In some ways, this sounds similar to the last August downgrade of the U.S. Here, the verdict after the enactment of debt ceiling legislation is much harsher:

“The political brinksmanship of recent months highlights what we see as America’s governance and policymaking becoming less stable, less effective and less predictable than what we previously believed. The statutory debt ceiling and the threat of default have become political bargaining chips in the debate over fiscal policy….the differences between political parties have proven to be extraordinarily difficult to bridge…the resulting agreement fell well short of the comprehensive fiscal consolidation program that some proponents had envision….”

In both cases, there is an argument that the political will to deal with the real sources of what is at the core of fiscal and economic problems is missing.

Responses to the downgrade were reflective of the mix of domestic politics and the sluggish process of European consensus-building. French President Sarkozy is worried about what this will do to his campaign for re-election this spring. On the other hand, German Chancellor Merkel, who does not face an electoral race until next year, argued that Europe has to up its game in getting a grip on the tools needed to maintain confidence in the markets. For Merkel, this means implementing a fiscal compact to underline mechanisms of common fiscal rules, which are seen as a way to maintain a path toward reining in massive budget deficits.

Merkel has been able to sustain her popularity in the polls throughout this economic storm by arguing that she is standing up for the very rules that have helped Germany maintain its AAA rating. Yet the gap pointed out by the S&P downgrade between Northern and Southern Europe is seen as growing without a clear consensus on how to cap it.

The challenge facing both sides of the Atlantic is a political one. Forging a consensus around the debt and deficit issues in the U.S is going to be near impossible this year given the presidential and congressional campaigns. At best, the U.S. can hope for some ad hoc efforts – like the payroll tax agreement – to get us through this volatile year. That leaves a great deal of time and money wasting away until the dust settles after Nov 6th. Even then, whatever the results of the elections will be, the analysis of the American political system cited above may remain valid.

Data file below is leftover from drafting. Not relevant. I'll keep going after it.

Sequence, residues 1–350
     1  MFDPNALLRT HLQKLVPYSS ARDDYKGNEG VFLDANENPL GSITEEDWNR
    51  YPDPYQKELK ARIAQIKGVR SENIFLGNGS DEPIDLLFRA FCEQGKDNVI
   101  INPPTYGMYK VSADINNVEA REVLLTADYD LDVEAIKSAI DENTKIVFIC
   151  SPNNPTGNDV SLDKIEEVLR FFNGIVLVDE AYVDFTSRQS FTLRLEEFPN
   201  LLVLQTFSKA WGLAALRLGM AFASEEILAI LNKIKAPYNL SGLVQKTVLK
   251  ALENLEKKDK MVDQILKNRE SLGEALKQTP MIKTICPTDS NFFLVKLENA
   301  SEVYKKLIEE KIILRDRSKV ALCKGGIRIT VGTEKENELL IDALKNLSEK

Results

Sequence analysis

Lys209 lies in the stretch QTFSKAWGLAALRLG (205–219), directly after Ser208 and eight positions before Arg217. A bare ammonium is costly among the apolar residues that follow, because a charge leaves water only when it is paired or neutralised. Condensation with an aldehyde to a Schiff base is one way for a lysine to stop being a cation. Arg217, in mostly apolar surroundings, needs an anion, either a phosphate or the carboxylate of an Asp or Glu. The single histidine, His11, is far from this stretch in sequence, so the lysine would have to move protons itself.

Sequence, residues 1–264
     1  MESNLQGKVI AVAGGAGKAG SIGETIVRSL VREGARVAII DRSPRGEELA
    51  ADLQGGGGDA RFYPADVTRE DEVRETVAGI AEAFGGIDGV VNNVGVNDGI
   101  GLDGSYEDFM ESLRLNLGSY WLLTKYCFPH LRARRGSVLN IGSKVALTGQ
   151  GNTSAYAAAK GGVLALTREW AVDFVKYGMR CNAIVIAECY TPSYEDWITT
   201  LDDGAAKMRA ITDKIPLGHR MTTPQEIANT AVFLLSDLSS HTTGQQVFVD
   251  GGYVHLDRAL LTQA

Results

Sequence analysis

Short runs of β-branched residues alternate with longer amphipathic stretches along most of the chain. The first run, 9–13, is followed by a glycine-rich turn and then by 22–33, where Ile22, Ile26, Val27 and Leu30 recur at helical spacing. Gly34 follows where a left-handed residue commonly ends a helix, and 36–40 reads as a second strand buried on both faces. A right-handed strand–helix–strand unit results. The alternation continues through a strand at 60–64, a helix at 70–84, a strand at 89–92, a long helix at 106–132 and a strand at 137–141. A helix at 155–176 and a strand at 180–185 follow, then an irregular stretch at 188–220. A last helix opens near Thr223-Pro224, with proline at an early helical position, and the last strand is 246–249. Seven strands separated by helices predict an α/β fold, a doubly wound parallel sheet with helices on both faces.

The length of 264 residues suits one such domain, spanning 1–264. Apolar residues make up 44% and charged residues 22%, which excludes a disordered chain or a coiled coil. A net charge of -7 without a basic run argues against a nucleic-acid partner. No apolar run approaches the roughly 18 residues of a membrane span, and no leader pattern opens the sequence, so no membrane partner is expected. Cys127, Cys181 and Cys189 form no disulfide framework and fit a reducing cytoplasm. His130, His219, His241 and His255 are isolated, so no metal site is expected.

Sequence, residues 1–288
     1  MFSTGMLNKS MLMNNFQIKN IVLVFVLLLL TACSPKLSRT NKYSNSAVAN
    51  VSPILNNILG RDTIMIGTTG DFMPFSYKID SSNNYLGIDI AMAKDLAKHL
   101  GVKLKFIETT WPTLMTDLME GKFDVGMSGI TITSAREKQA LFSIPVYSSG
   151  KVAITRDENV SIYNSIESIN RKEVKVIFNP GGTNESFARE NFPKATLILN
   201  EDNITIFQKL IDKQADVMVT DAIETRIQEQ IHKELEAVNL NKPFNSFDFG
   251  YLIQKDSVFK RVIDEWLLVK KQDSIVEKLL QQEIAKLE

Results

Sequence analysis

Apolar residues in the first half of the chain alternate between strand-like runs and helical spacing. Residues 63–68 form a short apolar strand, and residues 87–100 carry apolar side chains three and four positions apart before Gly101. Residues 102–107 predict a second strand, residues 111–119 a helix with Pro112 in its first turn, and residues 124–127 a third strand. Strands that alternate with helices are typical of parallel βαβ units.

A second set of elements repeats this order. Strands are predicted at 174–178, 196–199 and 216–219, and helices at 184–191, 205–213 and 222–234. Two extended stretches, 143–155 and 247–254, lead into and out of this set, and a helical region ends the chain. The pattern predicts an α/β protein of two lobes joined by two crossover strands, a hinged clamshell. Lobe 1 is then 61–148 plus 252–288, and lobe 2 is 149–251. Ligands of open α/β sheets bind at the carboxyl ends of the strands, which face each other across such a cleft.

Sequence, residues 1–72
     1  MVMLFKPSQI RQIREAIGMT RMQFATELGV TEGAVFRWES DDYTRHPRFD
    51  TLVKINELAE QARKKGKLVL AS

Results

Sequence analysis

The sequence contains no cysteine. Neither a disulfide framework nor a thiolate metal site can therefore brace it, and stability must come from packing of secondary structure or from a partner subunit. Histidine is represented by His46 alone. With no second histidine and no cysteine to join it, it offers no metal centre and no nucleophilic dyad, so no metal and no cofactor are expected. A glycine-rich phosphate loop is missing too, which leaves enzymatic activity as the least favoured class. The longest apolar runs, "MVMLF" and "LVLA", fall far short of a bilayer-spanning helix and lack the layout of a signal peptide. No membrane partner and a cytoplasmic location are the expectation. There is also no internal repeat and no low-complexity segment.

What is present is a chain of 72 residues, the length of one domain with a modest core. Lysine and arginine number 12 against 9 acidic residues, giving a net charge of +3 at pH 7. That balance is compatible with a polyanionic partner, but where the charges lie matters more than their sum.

On the European side of the Atlantic, the forging of a political consensus will be made difficult by the presence of struggling national governments in every capital of Europe. The difficulty of even producing a national consensus within each member state will shape the parameters of an EU-wide formula for the future.

The downgrades were a snapshot of a race being run between governments and both the markets and the domestic political mood of countries facing serious choices. How that race turns out this year will determine which choices and which leaders are going to be winners and losers. The question is: how much time will be left on the clock before it runs out?

The views expressed are those of the author(s) alone. They do not necessarily reflect the views of the American-German Institute.